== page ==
Holy smokes. Grab the fire hose. Somebody notify Al Gore and maybe Ralph Nader. Candle-lit dinners — with the flickering flames, those delicate glows — are an unrecognized source of indoor air pollution. Really. The American Chemical Society announced Wednesday that “emission products of petroleum-based candles in nonventilated enclosed areas” are potential health hazards. Paraffin wax candles produce evocative ambience — and known human carcinogens, too.
“An occasional paraffin candle and its emissions will not likely affect you. But lighting many paraffin candles every day for years or lighting them frequently in an un-ventilated bathroom around a tub, for example, may cause problems,” said Ruhullah Massoudi, a chemistry professor at South Carolina State University who analyzed the airborne byproducts of burning candles.
He also suggested that some people who suffer from an indoor allergies or respiratory irritations might in fact be reacting to air pollutants from burning candles. Candles made from beeswax or soy, though more pricey, are “apparently are healthier,” Mr. Massoudi adds. He presented his findings during the society’s annual meeting in Washington.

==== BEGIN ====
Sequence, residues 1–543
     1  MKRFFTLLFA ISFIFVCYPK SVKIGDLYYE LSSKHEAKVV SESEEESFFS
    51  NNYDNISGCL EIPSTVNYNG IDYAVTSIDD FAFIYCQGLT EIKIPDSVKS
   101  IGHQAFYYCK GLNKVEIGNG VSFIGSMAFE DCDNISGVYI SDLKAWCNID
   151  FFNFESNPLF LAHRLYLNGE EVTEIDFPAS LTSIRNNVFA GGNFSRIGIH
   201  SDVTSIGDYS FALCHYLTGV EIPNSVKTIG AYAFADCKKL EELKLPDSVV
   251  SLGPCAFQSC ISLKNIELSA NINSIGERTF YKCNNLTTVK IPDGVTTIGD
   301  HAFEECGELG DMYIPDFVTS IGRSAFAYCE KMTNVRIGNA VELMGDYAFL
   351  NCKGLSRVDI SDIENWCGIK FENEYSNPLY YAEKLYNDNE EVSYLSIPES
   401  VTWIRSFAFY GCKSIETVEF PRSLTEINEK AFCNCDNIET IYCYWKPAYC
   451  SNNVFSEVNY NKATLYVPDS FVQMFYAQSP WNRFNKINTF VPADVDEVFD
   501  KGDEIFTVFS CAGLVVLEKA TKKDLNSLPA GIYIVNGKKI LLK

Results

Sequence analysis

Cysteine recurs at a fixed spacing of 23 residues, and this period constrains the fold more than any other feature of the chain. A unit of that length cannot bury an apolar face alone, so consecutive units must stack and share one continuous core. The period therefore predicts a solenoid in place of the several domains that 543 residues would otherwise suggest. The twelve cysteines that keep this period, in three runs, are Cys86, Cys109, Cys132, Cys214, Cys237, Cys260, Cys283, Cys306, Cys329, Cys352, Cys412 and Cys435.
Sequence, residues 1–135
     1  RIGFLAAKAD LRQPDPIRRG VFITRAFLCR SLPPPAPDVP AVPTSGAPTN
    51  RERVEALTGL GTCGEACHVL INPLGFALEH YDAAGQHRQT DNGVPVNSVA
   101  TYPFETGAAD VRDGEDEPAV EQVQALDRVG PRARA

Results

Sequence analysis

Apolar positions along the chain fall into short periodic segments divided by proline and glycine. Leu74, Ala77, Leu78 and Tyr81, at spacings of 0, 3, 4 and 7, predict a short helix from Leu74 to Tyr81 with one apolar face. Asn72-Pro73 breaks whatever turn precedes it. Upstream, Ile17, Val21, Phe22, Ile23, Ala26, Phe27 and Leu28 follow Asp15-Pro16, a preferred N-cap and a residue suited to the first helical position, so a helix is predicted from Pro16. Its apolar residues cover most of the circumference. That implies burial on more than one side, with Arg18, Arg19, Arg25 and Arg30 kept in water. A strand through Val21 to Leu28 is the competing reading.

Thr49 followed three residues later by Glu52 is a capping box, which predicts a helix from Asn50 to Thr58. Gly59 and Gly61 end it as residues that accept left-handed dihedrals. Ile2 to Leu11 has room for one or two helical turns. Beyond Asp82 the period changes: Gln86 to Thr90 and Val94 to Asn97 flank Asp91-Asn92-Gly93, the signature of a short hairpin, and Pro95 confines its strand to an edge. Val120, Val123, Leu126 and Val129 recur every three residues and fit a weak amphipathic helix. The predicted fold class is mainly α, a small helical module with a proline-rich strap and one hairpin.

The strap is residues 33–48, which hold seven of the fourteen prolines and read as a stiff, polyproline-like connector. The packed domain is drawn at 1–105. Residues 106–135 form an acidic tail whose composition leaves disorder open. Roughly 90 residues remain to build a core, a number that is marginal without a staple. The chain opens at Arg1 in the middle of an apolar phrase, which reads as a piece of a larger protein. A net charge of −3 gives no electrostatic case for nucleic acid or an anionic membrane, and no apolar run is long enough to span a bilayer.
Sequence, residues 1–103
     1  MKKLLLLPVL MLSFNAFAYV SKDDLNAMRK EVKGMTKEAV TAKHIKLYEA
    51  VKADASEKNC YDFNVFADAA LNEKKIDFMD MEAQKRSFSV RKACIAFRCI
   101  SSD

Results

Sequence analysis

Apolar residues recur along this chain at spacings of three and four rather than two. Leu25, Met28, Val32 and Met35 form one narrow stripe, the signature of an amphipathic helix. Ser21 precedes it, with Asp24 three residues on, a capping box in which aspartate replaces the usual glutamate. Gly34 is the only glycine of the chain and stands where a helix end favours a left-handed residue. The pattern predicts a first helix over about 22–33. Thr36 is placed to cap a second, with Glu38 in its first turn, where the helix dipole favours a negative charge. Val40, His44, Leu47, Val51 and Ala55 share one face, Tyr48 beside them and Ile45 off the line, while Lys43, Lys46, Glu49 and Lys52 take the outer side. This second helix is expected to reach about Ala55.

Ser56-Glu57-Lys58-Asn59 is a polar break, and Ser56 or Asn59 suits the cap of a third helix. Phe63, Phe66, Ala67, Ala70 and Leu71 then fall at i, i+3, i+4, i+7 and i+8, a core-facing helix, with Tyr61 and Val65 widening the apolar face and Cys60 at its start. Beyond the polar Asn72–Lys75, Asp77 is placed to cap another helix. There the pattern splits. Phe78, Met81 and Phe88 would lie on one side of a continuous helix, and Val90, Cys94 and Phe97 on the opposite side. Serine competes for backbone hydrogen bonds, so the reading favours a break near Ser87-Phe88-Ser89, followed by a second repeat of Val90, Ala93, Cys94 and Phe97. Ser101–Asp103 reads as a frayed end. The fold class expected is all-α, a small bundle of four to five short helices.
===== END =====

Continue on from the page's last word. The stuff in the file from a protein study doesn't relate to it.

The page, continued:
The eco-minded now have a new source of guilt. The green police have a new target, and hypochondriacs might balk at romantic suppers. The study also could have profound repercussions, perhaps, on politicians with romantic trysts on their minds, or journalists intent on wooing sources.
“Well, this is interesting. But I counter that science with more science. Candles also produce negative ions, and negative ions are associated with a sense of well-being and happiness. Negative ions, positive vibes,” said Philip Gates, general manager of Charlie Palmer Steak, a lush and sophisticated eatery within a block of the U.S. Capitol.
The candles at Charlie Palmer are low on the tables, snug in spring-loaded stainless-steel holders with steel mesh tops.
“They’re not going anywhere. And you can’t really see the actual candles anyway,” Mr. Gates says.